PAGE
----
Professor Gascia Ouzounian
Contemporary art is replete with works which explore the relationships between sound and space, with ‘space’ understood in physical, sensorial, geographical, social, and political terms.
Today, I can plug my headphones into the façade of a building in Berlin called BUG, to hear how its materiality, made audible through the use of seismic sensors in the building’s infrastructure, changes over time and in response to atmospheric variations, weather and other environmental factors. In other words, I can listen to a building as it evolves over time and in relation to its surroundings.
I can listen to a building as it evolves over time and in relation to its surroundings
In suburban London, I can visit Vex, a building whose spiralling form is inspired by the music of Erik Satie and the methods of John Cage.
Electronic music, projected over loudspeakers, is played throughout the building. It is created from sounds recorded during the making of the building itself: the sounds of breaking ground, of pouring concrete. This literal musique concrète is lush and surprisingly beautiful. It is impossible to say where music begins and architecture ends.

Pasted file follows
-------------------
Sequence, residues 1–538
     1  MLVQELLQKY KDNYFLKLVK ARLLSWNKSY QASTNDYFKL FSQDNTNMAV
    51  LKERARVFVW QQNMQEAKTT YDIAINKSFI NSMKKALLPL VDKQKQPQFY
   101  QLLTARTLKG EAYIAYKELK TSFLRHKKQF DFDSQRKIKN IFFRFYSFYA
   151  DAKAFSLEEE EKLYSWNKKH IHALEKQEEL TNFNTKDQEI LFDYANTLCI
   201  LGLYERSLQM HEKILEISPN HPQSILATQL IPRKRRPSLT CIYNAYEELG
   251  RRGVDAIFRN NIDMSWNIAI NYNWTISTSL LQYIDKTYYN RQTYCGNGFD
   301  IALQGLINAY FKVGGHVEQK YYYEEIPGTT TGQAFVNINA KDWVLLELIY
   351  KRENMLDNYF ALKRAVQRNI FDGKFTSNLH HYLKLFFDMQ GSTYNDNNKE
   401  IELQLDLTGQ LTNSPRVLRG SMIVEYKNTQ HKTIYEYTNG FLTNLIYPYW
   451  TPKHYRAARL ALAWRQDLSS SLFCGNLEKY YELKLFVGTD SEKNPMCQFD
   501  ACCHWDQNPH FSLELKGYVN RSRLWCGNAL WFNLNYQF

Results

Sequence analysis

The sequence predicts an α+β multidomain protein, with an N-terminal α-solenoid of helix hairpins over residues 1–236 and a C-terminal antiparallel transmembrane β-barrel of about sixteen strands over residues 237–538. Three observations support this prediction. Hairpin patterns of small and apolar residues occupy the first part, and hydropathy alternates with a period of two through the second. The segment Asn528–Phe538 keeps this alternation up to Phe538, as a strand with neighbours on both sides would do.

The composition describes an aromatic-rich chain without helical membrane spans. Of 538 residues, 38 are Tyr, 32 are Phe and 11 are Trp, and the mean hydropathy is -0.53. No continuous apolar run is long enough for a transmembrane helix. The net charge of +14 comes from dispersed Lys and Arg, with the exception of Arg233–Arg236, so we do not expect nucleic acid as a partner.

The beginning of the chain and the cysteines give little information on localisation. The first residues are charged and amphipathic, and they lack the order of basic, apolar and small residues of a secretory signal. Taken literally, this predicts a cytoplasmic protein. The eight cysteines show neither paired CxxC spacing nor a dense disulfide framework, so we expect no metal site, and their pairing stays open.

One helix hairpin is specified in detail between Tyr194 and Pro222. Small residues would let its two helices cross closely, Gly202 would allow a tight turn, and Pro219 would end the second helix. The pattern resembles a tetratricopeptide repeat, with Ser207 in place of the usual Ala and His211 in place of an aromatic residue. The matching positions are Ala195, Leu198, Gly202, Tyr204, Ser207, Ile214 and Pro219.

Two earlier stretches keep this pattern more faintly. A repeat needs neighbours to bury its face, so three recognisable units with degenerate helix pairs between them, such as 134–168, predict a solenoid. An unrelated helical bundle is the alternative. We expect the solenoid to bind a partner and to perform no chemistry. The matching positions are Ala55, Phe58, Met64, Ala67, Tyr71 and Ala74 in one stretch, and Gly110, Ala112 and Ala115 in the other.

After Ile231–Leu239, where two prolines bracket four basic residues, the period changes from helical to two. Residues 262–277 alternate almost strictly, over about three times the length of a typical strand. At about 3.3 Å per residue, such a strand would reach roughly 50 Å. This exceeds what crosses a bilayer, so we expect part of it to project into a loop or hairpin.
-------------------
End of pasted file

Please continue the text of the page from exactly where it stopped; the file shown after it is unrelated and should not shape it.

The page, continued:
In 2017, I could visit Silent Room, an acoustic refuge in a low- income neighbourhood in Beirut. This temporary structure, erected in a parking lot close to a highway, used acoustic panelling to reduce environmental noise, but it also featured a quiet, meditative soundtrack composed of everyday city sounds. The designer wanted to draw attention to the uneven ways in which noise affects rich and poor inhabitants of the city - how a politics of noise shapes the city and differently impacts upon the lives of its residents.
While these particular projects are formed at the intersection of music, art, architecture and urban design, many others take the form of sound recordings, compositions, performances, films, installations, sculptures, radio works, websites, and much more.
Today, I can take a listening tour of Bonn, following a map of unique acoustic features of the city created by Bonn’s ‘City Sound Artist’ in 2010. Or, I can take an ‘electrical walk’ in any number of cities while wearing specially designed headphones which make audible normally inaudible elements of urban infrastructure. During my walk, formerly silent objects such as surveillance cameras, ATMs, and transportation infrastructures, beat and resonate with the pulses and tones of electromagnetic energy.